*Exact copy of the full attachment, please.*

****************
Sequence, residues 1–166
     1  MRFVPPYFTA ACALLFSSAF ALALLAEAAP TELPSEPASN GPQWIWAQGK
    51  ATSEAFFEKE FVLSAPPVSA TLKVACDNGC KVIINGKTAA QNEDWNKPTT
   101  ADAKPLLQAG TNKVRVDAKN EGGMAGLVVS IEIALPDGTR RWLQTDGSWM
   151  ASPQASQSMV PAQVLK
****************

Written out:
Sequence, residues 1–166
     1  MRFVPPYFTA ACALLFSSAF ALALLAEAAP TELPSEPASN GPQWIWAQGK
    51  ATSEAFFEKE FVLSAPPVSA TLKVACDNGC KVIINGKTAA QNEDWNKPTT
   101  ADAKPLLQAG TNKVRVDAKN EGGMAGLVVS IEIALPDGTR RWLQTDGSWM
   151  ASPQASQSMV PAQVLK